Neuroradiology And Ultrasound

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Nuclear Medicine

Nuclear medicine is used to look at function, physiology and metabolism, and the images are generally of a low spatial resolution. Radioactive elements such as technetium (Tc), which decay to produce gamma-rays, are used. They are labeled to pharmaceutical compounds (e.g. hexamethyl propylene amine oxime, HMPAO), enabling them to enter appropriate body compartments. The radiopharmaceutical can be introduced into the body and the gamma-rays (photons) can be externally recorded to produce an emission image. The recorded image can be a planar single-photon image or it can be produced using single-photon emission computed tomography (SPECT) or positron emission tomography (PET).

PET and SPECT are used to create cross-sectional functional images of the brain. SPECT, which is available in all nuclear medicine departments, can be used to study changes in regional blood flow in the brain. It has been used in the investigation of dementia, where changes in regional blood flow can differentiate between multi-infarction dementia and Alzheimer's disease. It is helpful when considering surgery for intractable complex partial seizure disorder, giving further weight to structural information concerning mesial temporal sclerosis seen on MRI.

PET radiopharmaceuticals are very short lived, requiring close proximity to a cyclotron. Installation and maintenance costs are very high, severely restricting their availability in many countries. PET can produce unique information concerning regional utilization of glucose metabolism as well as oxygen, or even fatty acid, metabolism or neurotransmitter receptor densities. It is mainly a research tool for neurophysiology and neuropharmacology. In a clinical context, it is used to help differentiate recurrent tumor from radiation necrosis and in assessing tumor response to therapy, but has a low accuracy. Applications in the study of psychiatric disease, movement disorders and epilepsy, to name but a few, are reported [22]. To some extent, the rapid developments in MRI have overtaken these applications of a very expensive technique.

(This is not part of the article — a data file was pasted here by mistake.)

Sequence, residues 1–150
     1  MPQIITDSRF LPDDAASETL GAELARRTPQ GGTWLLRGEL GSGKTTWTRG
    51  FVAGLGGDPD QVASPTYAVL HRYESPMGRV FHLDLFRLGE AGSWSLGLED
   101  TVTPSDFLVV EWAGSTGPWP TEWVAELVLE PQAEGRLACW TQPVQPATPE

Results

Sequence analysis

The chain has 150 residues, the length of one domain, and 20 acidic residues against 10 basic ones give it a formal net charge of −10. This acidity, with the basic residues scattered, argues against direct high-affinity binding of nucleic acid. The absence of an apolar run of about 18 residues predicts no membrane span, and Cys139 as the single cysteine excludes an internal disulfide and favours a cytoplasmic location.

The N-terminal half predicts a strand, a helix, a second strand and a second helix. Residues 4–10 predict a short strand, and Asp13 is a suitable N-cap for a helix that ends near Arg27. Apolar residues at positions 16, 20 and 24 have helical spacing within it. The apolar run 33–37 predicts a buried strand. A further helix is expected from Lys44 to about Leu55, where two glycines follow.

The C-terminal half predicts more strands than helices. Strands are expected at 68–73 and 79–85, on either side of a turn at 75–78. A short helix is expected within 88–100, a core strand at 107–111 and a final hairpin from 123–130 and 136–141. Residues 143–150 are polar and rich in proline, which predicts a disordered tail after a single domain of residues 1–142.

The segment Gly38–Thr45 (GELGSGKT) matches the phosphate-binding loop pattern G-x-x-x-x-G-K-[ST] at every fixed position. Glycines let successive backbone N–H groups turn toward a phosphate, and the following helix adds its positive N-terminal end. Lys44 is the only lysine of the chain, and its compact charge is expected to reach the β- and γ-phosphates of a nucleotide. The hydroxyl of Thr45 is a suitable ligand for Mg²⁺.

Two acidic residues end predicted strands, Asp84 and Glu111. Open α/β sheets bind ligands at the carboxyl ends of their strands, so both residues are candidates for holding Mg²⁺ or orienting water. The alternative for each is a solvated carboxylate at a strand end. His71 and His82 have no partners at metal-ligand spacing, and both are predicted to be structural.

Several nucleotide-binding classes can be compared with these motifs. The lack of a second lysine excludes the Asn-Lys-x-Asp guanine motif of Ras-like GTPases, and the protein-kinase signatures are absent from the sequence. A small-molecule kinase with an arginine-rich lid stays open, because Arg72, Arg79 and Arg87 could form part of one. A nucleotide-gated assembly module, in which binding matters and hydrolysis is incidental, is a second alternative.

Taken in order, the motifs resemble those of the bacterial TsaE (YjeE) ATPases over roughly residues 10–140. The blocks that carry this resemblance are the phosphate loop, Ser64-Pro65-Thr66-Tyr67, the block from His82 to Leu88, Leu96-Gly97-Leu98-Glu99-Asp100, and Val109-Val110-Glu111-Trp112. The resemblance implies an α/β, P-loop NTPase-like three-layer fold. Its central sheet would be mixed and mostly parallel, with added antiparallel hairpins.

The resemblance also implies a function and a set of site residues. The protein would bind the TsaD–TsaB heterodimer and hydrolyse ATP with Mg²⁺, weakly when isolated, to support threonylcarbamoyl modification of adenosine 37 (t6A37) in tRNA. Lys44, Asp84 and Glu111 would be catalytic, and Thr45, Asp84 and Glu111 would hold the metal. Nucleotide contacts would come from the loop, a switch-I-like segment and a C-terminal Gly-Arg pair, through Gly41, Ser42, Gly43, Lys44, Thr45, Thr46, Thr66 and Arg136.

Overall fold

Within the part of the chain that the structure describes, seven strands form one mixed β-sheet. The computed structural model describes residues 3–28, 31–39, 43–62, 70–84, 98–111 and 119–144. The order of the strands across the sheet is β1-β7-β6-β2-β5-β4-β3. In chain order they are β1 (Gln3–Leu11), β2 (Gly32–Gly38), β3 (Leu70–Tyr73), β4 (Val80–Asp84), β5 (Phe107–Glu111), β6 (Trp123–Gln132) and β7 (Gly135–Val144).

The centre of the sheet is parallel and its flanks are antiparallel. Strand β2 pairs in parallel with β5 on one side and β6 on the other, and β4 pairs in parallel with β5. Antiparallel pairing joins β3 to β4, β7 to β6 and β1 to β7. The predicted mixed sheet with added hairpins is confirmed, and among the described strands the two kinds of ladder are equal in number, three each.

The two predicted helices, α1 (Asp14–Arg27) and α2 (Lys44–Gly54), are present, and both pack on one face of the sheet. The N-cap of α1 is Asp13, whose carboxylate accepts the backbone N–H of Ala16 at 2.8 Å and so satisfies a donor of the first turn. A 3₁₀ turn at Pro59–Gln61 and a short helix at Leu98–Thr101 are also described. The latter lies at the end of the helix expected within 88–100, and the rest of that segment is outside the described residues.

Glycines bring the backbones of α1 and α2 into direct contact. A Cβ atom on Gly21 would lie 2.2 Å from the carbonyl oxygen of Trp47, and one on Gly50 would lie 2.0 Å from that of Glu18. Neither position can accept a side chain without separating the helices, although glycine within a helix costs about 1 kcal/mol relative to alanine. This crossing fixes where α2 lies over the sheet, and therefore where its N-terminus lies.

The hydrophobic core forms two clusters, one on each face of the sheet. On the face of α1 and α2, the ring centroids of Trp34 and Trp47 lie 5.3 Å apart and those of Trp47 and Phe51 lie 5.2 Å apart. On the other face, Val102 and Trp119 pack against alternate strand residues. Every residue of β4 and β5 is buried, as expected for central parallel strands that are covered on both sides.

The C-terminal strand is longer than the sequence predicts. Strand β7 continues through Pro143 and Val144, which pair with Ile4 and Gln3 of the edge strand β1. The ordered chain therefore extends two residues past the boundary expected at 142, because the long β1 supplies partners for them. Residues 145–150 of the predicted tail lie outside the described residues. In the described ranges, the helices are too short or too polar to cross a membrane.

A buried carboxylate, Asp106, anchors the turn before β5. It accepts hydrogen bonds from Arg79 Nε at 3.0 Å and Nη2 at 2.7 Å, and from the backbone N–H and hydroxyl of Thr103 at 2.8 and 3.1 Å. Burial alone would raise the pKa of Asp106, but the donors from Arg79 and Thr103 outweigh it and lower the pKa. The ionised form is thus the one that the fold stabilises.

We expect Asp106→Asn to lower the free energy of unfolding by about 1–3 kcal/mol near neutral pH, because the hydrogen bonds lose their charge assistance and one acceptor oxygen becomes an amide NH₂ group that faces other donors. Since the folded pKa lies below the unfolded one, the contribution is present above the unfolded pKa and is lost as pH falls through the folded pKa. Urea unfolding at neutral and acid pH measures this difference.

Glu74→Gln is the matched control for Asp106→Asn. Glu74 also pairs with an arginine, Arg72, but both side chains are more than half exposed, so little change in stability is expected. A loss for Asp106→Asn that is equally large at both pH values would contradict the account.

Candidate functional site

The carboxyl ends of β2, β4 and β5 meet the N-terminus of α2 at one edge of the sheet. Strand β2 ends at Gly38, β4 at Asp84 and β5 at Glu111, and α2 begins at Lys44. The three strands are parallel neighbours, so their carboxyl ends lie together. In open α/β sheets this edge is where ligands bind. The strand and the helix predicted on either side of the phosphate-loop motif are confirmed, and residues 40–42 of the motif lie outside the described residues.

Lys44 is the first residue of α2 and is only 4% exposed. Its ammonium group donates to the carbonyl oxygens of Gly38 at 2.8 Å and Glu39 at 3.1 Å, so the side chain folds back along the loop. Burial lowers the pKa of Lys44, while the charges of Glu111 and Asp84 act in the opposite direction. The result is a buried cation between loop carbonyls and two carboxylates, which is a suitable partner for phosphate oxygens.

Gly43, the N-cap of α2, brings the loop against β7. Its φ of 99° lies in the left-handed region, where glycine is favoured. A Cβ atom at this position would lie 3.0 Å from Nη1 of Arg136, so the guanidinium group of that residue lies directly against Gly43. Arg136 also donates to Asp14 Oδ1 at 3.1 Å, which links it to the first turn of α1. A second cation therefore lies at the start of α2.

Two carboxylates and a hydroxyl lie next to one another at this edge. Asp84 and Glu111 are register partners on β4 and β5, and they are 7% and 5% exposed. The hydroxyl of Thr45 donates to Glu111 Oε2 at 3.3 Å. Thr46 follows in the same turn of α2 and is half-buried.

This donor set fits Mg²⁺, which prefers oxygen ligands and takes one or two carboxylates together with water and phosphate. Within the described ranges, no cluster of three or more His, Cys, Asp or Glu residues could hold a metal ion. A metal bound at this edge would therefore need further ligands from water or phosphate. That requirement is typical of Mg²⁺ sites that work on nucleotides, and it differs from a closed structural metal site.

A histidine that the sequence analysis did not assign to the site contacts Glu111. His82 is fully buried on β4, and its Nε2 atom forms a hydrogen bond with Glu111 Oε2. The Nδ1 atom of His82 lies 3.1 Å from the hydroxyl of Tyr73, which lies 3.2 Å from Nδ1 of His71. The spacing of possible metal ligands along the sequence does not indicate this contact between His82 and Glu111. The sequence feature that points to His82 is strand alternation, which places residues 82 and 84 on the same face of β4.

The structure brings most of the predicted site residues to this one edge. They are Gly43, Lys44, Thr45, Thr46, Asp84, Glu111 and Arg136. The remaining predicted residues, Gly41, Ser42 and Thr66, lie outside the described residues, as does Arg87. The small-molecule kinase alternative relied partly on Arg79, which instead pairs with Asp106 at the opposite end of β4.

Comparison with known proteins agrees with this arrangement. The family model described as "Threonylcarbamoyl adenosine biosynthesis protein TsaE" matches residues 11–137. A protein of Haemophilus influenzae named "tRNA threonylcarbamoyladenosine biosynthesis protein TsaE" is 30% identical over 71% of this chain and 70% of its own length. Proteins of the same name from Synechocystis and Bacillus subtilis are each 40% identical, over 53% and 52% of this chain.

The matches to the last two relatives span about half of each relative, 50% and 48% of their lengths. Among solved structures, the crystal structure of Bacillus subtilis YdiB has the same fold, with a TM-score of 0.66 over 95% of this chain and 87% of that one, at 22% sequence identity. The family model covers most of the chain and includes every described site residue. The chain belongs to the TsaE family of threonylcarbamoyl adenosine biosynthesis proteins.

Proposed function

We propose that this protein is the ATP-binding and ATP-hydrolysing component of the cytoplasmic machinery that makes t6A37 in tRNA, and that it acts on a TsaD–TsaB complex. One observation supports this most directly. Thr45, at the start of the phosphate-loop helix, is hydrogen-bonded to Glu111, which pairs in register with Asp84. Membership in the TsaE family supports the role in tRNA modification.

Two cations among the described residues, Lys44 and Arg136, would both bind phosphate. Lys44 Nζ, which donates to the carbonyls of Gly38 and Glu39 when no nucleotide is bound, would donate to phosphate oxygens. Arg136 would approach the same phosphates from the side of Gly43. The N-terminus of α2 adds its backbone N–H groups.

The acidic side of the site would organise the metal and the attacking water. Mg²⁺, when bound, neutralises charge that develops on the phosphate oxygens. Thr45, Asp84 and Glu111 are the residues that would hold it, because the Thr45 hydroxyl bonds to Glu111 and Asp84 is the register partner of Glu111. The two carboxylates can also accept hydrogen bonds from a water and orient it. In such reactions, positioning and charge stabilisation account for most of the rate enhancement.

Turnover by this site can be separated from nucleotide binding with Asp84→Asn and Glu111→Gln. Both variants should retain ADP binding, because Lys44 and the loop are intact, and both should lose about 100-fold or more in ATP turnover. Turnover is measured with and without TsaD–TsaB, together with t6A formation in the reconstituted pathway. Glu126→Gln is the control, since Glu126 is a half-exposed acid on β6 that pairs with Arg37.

Applications of conventional nuclear brain scans, such as diagnosis of cerebral infarction or subdural hematoma, are now historical.

CSF rhinorrhea or otorrhea can be investigated with nuclear medicine but CT cisternography (Fig. 2.9), or even MR cisternography [23], are now advocated by many neuroradiologists.


Ultrasound is a relatively cheap, portable and safe technology. Sound-wave reflection takes place at tissue interfaces within the body, and the depth of reflection is determined by the time taken for the echo to return to the crystal. Tissues with a very high acoustic impedance, such as bone, reflect almost all of the sound waves, producing an acoustic shadow and effectively no useful image in the distal field. This is clearly of paramount importance in neuro-surgery when imaging the brain and spine.

Some of the most important applications of ultrasound within neurosurgery are described below.

Transcranial Ultrasound in the Neonate

The first real-time images of the neonatal brain were obtained through the anterior fontanelle of a newborn infant in 1979. The rate of subsequent development has been exponential, with high-quality machines and high-frequency small footprint transducers now able to produce extremely high resolution images of both the normal and abnormal neonatal brain. Doppler studies of the cerebral vasculature allow physiological monitoring of both the normal and abnormal brain with analysis of birth asphyxia, pre-term brain injury and hydrocephalus.

Vascular lesions are common in the brains of immature neonates - so frequently seen on special-care baby units. Subependymal germinal matrix hemorrhage can be reliably demonstrated, as can any subsequent intraventricular or parenchymal extension. The ischemic lesions of periventricular leukomalacia may also be recognized and are important in the differential diagnosis of brain injury. In the mature infant, extra- and intracerebral hemorrhage may result from both traumatic and other pathology and may again be diagnosed with ultrasound.

Ultrasound is the first investigation of choice in a neonate with an enlarging head and will reliably diagnose ventriculomegaly and, frequently,

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